Header

UZH-Logo

Maintenance Infos

Acute stress impairs self-control in goal-directed choice by altering multiple functional connections within the brain’s decision circuits


Maier, Silvia U; Makwana, Aidan B; Hare, Todd A (2015). Acute stress impairs self-control in goal-directed choice by altering multiple functional connections within the brain’s decision circuits. Neuron, 87(3):621-631.

Abstract

Important decisions are often made under stressful circumstances that might compromise self-regulatory behavior. Yet the neural mechanisms by which stress influences self-control choices are unclear. We investigated these mechanisms in human participants who faced self-control dilemmas over food reward while undergoing fMRI following stress. We found that stress increased the influence of immediately rewarding taste attributes on choice and reduced self-control. This choice pattern was accompanied by increased functional connectivity between ventromedial prefrontal cortex (vmPFC) and amygdala and striatal regions encoding tastiness. Furthermore, stress was associated with reduced connectivity between the vmPFC and dorsolateral prefrontal cortex regions linked to self-control success. Notably, alterations in connectivity pathways could be dissociated by their differential relationships with cortisol and perceived stress. Our results indicate that stress may compromise self-control decisions by both enhancing the impact of immediately rewarding attributes and reducing the efficacy of regions promoting behaviors that are consistent with long-term goals.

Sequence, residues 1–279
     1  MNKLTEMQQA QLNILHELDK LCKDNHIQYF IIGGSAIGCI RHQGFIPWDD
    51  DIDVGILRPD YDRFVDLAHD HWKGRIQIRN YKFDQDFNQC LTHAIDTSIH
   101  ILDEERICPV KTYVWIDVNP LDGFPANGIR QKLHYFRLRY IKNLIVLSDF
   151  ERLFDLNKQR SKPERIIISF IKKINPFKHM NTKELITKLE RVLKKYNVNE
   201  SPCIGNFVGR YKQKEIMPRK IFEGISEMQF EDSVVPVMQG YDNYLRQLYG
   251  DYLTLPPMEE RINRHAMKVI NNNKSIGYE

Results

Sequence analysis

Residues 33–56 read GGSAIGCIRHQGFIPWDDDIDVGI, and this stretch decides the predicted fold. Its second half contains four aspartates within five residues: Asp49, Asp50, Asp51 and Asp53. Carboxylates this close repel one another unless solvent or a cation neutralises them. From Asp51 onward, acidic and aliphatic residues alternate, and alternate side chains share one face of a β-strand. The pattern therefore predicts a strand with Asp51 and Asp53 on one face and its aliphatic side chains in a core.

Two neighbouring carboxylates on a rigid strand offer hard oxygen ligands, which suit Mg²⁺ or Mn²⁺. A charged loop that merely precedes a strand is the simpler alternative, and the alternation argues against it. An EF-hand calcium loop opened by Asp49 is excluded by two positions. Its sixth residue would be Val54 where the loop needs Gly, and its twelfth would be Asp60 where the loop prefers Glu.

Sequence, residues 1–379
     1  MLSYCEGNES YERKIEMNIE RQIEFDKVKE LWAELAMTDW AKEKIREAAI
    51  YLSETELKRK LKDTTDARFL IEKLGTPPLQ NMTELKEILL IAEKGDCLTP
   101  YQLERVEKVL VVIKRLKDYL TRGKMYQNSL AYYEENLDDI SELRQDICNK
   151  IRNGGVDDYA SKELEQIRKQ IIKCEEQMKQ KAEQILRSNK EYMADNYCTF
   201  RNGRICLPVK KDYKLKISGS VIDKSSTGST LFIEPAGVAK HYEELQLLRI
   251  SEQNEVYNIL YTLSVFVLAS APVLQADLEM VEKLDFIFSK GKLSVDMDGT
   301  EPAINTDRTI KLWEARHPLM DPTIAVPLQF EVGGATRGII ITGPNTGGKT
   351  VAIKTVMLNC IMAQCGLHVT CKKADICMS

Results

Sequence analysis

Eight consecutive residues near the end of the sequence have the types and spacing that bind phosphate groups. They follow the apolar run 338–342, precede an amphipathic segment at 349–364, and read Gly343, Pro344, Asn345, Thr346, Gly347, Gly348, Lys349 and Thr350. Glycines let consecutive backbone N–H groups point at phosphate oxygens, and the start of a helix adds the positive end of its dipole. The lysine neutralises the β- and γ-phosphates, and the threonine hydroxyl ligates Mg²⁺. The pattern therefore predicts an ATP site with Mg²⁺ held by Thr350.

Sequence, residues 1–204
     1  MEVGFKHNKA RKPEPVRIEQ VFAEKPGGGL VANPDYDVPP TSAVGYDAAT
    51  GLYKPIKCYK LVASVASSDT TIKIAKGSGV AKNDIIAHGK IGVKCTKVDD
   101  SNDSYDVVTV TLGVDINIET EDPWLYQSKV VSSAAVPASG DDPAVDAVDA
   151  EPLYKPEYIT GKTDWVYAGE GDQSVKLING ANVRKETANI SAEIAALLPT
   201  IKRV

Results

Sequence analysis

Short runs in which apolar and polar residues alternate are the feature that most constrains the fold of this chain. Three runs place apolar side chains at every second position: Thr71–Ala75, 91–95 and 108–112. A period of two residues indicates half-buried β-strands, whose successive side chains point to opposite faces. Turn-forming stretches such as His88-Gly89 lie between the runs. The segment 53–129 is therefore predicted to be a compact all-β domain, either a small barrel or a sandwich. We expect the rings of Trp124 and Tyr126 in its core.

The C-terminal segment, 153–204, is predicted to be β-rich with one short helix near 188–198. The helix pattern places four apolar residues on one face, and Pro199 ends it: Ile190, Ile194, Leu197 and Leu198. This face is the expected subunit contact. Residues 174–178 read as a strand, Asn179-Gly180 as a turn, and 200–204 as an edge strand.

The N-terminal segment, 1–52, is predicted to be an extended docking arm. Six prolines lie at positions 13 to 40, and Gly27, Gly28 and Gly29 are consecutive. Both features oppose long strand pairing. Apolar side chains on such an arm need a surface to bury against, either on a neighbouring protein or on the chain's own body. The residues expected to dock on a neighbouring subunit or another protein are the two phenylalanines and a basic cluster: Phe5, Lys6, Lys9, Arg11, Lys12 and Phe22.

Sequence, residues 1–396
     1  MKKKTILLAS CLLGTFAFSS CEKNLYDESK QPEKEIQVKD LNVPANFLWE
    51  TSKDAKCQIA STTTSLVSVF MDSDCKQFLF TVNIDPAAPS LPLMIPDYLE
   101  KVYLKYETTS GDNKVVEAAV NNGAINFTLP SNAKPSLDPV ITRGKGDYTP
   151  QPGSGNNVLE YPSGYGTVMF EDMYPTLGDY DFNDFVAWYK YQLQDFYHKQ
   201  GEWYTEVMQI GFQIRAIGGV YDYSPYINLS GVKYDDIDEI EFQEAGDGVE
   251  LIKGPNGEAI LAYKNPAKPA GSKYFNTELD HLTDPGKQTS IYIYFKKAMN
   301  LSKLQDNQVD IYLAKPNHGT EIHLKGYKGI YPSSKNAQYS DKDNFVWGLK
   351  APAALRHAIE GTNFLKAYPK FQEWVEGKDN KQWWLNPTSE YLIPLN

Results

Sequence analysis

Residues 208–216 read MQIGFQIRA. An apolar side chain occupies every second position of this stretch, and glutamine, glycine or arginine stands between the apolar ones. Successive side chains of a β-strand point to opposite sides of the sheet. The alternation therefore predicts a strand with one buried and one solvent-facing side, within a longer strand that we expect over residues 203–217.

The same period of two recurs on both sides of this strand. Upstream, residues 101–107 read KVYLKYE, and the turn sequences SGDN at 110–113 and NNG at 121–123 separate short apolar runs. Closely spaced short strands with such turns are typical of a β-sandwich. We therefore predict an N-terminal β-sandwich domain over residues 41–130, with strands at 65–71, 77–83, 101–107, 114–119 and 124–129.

Abstract

Important decisions are often made under stressful circumstances that might compromise self-regulatory behavior. Yet the neural mechanisms by which stress influences self-control choices are unclear. We investigated these mechanisms in human participants who faced self-control dilemmas over food reward while undergoing fMRI following stress. We found that stress increased the influence of immediately rewarding taste attributes on choice and reduced self-control. This choice pattern was accompanied by increased functional connectivity between ventromedial prefrontal cortex (vmPFC) and amygdala and striatal regions encoding tastiness. Furthermore, stress was associated with reduced connectivity between the vmPFC and dorsolateral prefrontal cortex regions linked to self-control success. Notably, alterations in connectivity pathways could be dissociated by their differential relationships with cortisol and perceived stress. Our results indicate that stress may compromise self-control decisions by both enhancing the impact of immediately rewarding attributes and reducing the efficacy of regions promoting behaviors that are consistent with long-term goals.

Statistics

Citations

23 citations in Web of Science®
4 citations in Scopus®
Google Scholar™

Altmetrics

Downloads

37 downloads since deposited on 14 Oct 2015
23 downloads since 12 months
Detailed statistics

Additional indexing

Item Type:Journal Article, refereed, original work
Communities & Collections:03 Faculty of Economics > Department of Economics
Dewey Decimal Classification:330 Economics
Language:English
Date:August 2015
Deposited On:14 Oct 2015 13:32
Last Modified:08 Dec 2017 14:19
Publisher:Cell Press (Elsevier)
ISSN:0896-6273
Free access at:Publisher DOI. An embargo period may apply.
Publisher DOI:https://doi.org/10.1016/j.neuron.2015.07.005
PubMed ID:26247866

Download

Download PDF  'Acute stress impairs self-control in goal-directed choice by altering multiple functional connections within the brain’s decision circuits'.
Preview
Content: Accepted Version
Filetype: PDF
Size: 611kB
View at publisher